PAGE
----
If there is one American golf course Rory McIlroy would have hated missing during golf’s current Covid-19 shutdown you would get pretty short odds on it being Quail Hollow.
In a world without a pandemic, this weekend would have seen the parkland beauty in its pomp as the PGA Tour made its annual visit to the country club in Charlotte, North Carolina.
And no golfer would have been more excited about going there than McIlroy, the world number one, given his tremendous record in what is now the Wells Fargo Championship.
It is a love affair that stretches back to this day 10 years ago, when then fresh-faced Holywood star in the making, two days shy of his 21st birthday, made his introductions to United States golf with a maiden PGA Tour victory by four strokes over Phil Mickelson.
He did it in style, too, with a monster 43-foot putt at the 72nd hole for a final-round, 10-under-par 62 to land what was then known simply as the Quail Hollow Championship.
His title defence in 2011 would see him miss the cut but that would be the only black mark in nine appearances at the tournament. Seven top 10 finishes and a tie for 16th have followed, including a play-off defeat to another first-time PGA Tour winner in Rickie Fowler in 2012 and a repeat victory in 2015 which saw him become the only multiple winner in the tournament’s history, achieved with an event-record 21-under-par 267 and a course-record 61 in the third round.
And it all started a decade ago today.
“It was just one of those days, everything went right and it never crossed my mind that I wasn’t going to go out and shoot a great score,” McIlroy would say in a post-round interview with Sirius XM’s Michael Collins that followed his 62.
Yet his debut appearance at Quail Hollow had not begun in promising circumstances.
Rounds of 72 and 73 had left McIlroy scraping into the weekend right on the cut number thanks to an eagle at the par-5 seventh, his 16th of the second round, but the Irishman turned things around in brilliant fashion over the third and fourth rounds. He shot a 66 on the Saturday to move into a tie for seventh, four strokes back on overnight leader Billy Mayfair. The veteran American had opened up with a pair of 68s but his third-round 71 was the beginning of the end and Mayfair would close out with a 76 to slip into a tie for 14th.
McIlroy, though, was on a very different trajectory. Four birdies on the front nine of Sunday’s final round put him in position but it was an incredible back nine that set him apart from Mickelson and the rest of the field.
While his maiden European Tour victory a year earlier at the Dubai Desert Classic had been an understandably nervy affair, a one-stroke win over Justin Rose having survived three back-nine bogeys, Quail Hollow was a march to glory.
Everything clicked for McIlroy, his trademark laser-sighted iron play a joy to behold, starting on the back nine with an approach shot out of the short rough from 146 yards out on the 11th to within a few feet for birdie.
There was some luck. At 14, McIlroy hit a 5-wood off the tee into trouble only to end up with a favourable lie in the sand. His next shot ended up on a downward slope but the approach was a good one followed by an equally satisfying putt that delivered an unlikely birdie.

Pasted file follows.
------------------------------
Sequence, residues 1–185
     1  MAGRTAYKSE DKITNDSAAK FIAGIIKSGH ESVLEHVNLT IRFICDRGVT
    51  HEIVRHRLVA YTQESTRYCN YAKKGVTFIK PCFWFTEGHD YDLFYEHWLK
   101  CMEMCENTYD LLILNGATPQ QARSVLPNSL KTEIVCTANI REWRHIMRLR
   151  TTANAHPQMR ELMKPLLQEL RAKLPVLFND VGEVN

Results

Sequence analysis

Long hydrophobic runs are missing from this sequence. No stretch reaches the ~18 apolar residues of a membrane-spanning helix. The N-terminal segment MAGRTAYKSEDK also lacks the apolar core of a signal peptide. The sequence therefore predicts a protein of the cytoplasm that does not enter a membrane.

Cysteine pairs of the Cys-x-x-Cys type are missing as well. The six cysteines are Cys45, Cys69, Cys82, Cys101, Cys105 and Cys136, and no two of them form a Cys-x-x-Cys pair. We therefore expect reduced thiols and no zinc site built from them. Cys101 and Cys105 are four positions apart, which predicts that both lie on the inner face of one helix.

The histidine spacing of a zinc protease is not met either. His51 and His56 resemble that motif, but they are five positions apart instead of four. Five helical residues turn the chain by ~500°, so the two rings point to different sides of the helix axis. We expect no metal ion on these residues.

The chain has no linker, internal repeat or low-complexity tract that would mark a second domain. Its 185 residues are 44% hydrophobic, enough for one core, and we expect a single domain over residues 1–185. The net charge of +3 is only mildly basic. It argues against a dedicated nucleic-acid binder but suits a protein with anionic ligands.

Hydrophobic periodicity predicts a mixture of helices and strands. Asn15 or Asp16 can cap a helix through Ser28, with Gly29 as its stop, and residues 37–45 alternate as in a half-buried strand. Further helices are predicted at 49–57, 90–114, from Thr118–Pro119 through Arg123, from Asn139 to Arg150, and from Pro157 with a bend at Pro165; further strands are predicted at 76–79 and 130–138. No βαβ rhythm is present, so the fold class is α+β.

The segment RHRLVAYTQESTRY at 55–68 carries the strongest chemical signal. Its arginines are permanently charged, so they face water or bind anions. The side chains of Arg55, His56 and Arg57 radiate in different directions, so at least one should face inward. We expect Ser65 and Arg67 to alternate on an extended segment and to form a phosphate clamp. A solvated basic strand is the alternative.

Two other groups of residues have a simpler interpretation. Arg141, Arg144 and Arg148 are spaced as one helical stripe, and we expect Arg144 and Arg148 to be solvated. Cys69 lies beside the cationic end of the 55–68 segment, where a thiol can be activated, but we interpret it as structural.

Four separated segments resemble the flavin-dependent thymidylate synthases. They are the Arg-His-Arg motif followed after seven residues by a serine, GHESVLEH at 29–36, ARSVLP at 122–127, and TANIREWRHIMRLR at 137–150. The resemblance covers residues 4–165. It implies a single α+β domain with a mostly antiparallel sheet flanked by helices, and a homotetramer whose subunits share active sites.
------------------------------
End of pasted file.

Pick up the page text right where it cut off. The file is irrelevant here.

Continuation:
Then came the fireworks. The par-five 15th began with McIlroy crushing a 352-yard drive, left just over 200 to the hole.
“The two shots into 15, I think they sort of summed up my day,” he said. “I killed the drive down there and then hit the nicest little cut 5-iron in there to three feet.” The short putt for eagle took him to 13 under par and into a three-shot lead over Mickelson heading to Quail Hollow’s famous closing stretch, the Green Mile.
“I knew then. I thought I could just par my way in, which would have been good, and then birdied 16 and 18 as well.” Having made the turn at four under, McIlroy would close with a back-nine 30 that saw him play the final five holes in five-under.
His second shot to the 16th was a thing of beauty, out of a fairway bunker, flirting with the hole and rolling by to around five feet.
“It was a perfect number, 167 into the breeze, hit 7-iron and I knew if I just left it anywhere short right of the pin it was great and it just drew right onto the pin.”
At 17, McIlroy’s putter began to take its turn in the spotlight, a 50-footer skirting the cup before the Irishman closed out in style at 18, draining his 43-foot putt before letting rip with a fist pump to mark his maiden PGA Tour victory.
“I definitely felt like I was playing good golf but just not getting anything out of it. Put my old putter in the bag Friday night and it worked pretty well at the weekend so I think that will be staying in for a little while longer.
“But it’s just incredible. To finish off a golf tournament of this stature like that, on this golf course where so many great players have won before, it’s incredible. I just feel so happy and so privileged to be able to play on a course like this and be able to win here with such a good field.” It was all laid out in front of McIlroy that day.
This Monday will be his 31st birthday and with 26 further tournament wins worldwide, including four major championships, a couple of FedEx Cup titles and the world number one ranking back in his possession there is much success to celebrate. He will no doubt also reflect on the part that thrilling final round at Quail Hollow played in the story.